This has been discussed earlier in this thread and elsewhere but it is still an interesting and important question. The Nationality Act is vague on this point but does nonetheless contain some apparently troubling provisions including the grounds for revocation of nationality of naturalized Thais:

"Section 19. The Minister is empowered to revoke Thai nationality of a person who acquires Thai nationality by naturalisation if it appears that:

(1) The naturalisation was effected by concealment of facts or making any statement false in material particular;

(2) There is evidence to show that he still makes use of his former nationality;

(3) He commits any act prejudicial to the security or conflicting the interests of the State, or amounting to an insult to the nation;

(4) He commits any act contrary to public order or good morals;

(5) He has resided abroad without having a domicile in Thailand for more than five years;

(6) He still retains the nationality of the country at war with Thailand.

The revocation of Thai nationality under this section may extend to children of a person whose Thai nationality is revoked in case such children are not sui juris and acquire Thai nationality under Section 12, paragraph two and the Minister shall, after the order for revocation of Thai nationality has been given, shall submit the matter to the King for information."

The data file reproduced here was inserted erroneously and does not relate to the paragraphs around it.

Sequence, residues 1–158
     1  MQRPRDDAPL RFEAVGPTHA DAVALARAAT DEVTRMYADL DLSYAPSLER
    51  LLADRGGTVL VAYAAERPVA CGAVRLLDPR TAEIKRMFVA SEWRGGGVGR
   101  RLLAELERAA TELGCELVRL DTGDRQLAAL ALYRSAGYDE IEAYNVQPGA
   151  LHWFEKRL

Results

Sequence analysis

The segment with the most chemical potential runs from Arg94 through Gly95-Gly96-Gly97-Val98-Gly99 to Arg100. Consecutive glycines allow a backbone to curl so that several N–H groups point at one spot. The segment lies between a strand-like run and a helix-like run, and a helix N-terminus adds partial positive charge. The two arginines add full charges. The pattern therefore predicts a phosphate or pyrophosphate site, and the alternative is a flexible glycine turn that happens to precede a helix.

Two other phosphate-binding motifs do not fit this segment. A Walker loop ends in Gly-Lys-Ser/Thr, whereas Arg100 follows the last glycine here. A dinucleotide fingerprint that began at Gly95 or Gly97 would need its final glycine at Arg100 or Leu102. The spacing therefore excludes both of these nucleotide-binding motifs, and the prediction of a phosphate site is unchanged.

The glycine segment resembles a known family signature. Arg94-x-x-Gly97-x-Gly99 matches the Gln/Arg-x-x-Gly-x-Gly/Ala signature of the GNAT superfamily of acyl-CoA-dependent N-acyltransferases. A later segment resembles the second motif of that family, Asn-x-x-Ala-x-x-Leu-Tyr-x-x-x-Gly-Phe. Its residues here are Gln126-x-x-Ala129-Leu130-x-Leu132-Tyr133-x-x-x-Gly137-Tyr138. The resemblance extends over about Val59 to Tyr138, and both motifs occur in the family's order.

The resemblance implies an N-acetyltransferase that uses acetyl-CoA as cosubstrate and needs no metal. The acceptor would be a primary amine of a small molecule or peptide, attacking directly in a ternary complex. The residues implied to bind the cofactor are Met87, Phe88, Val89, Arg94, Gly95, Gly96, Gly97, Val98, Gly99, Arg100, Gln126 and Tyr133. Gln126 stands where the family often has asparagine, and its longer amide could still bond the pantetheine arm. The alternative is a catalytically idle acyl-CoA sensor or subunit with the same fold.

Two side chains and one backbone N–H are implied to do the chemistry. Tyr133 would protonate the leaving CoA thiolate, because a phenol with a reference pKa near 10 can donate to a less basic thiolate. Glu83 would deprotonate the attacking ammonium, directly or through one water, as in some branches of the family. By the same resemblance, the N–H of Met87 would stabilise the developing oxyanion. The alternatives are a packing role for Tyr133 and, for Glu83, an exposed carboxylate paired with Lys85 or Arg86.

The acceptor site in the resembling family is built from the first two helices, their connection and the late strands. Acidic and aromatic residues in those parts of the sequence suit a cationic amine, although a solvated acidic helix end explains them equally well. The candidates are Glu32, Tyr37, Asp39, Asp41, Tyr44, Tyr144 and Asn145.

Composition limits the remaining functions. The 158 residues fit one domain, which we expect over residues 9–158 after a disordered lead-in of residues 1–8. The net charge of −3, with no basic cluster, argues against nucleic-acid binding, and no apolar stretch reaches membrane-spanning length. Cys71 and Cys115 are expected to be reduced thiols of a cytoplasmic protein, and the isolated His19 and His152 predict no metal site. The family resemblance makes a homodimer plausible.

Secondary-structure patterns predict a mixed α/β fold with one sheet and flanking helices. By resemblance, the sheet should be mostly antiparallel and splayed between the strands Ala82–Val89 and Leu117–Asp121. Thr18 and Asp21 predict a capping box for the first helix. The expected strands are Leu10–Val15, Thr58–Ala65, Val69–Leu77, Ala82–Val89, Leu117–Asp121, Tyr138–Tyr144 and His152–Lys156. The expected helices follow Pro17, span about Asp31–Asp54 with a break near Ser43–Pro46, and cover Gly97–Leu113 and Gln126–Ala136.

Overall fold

Para 2 provides the right to revoke nationality where there is evidence of using a former nationality. On the other hand neither the Act nor the ministerial regulations say that the former nationalilty should be surrendered after naturalisation as Thai has taken place, nor that dual nationality is prohibited, nor does it define what is meant by "making use of his former nationality". Travelling to another country without getting a visa in one's Thai passport is clearly making use of the former nationality in the broad sense but it has no impact on Thailand or its legal system and the naturalized Thai is technically only making use of the former nationality outside Thailand in that case. A naturalized Thai who used his former nationalilty to enter Thailand under a different name to avoid criminal or civil charges or military service on the other hand would clearly be using the former nationality within Thailand in a way that does impinge on the Thai legal system.